BRIAN Bellhouse, who has died aged 80, was a pioneering medical engineer who founded one of the most successful Oxford University spin out companies.

Professor Bellhouse's invention of a needle-less drug-injection gun would eventually lead to a US firm buying his company for £542m.

He described his PowderJect invention as being of 'Star Trek' like technology, similar to that used by Leonard 'Bones' McCoy in the science fiction show.

He set up Oxford University's medical engineering unit and ran it until his retirement in 2004.

Brian John Bellhouse was born on October 1, 1936 in Winchelsea, East Sussex to parents May and Francis Bellhouse, who ran a garage but later worked in the medical engineering department Brian founded at Oxford University.

He grew up in the area and was educated at Westminster Abbey Choir School, in London.

He sang in the choir at the Queen's wedding before moving to Rye Grammar School.

In 1957, after completing National Service, he studied maths at Magdalen College, Oxford, where he met his future wife Elisabeth Goldie when asked to give her and two friends a lift to a party.

The couple married the following year and would have six daughters, Elspeth, Cathy, Mary, Anna, Emily and Maggie, and a son, Tom, while living in the city.

He obtained his DPhil in the department of Engineering Science at Oxford in 1964 and was later appointed as a university lecturer in the same department.

In 1966 he was elected as a tutorial fellow at Magdalen College and became a professor of engineering science in 1998.

He set up the Department’s highly successful medical engineering unit, which he ran until he retired in 2004.

But it was his invention of a needle-less drug-injection gun that would make Mr Bellhouse famous and also make him his fortune.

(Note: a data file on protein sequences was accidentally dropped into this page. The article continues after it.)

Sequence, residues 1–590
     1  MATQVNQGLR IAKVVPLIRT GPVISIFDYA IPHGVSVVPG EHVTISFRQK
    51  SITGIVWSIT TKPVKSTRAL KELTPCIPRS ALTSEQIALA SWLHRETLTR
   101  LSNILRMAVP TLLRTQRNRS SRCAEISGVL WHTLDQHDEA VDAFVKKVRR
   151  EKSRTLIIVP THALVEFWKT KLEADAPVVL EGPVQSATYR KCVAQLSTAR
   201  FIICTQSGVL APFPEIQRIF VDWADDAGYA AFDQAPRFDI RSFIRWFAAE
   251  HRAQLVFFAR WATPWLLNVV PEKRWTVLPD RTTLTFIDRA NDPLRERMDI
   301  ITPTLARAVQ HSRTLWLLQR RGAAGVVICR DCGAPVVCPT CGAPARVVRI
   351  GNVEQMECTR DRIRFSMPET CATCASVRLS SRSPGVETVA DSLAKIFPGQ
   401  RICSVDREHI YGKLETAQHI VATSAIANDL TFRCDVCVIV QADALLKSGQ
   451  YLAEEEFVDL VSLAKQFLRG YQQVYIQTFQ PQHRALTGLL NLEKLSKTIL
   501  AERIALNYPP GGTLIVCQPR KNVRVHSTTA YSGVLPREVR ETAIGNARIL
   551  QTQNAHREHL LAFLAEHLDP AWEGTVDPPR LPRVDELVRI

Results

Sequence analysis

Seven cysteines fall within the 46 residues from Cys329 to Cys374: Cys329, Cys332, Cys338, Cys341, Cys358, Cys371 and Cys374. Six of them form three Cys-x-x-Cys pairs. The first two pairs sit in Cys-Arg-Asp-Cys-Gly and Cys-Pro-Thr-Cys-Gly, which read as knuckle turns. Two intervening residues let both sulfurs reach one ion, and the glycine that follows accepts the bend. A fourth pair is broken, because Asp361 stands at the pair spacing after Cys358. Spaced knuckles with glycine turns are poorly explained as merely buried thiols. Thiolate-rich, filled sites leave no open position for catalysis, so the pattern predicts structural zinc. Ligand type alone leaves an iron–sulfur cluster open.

He was working on a powdered injector to deliver genetic materials into plant cells during research in 1992 when he thought to apply it to humans.

When he was approached by young businessman Paul Drayson, the pair unlocked its commercial potential and the company PowderJect was born.

It would become the most successful Oxford University spin out company when it was sold to US company Chiron in 2003 for £542 million.

Through his financial success he supported the causes he cared about, including Oxford Children's Hospital – where there is now a Bellhouse-Drayson ward.

After the company's success he returned to the world of academia as head of the medical engineering unit he founded.

Mr Bellhouse played football and cricket for local and college teams into his 50s and also completed a double Atlantic sailing crossing with his sister and brother-in-law in 2004.

In his retirement he became a director of Woodruff Farm, which manufactures oils and fats, and bought several farms and pieces of land in Oxfordshire and Sussex on account of his passion for agriculture.

He died on June 12 after being trampled by cows trying to save his black Labrador Baldrick, while on a walk on his farm in Sussex.

He is survived by his wife Elisabeth, his seven children and 21 grandchildren.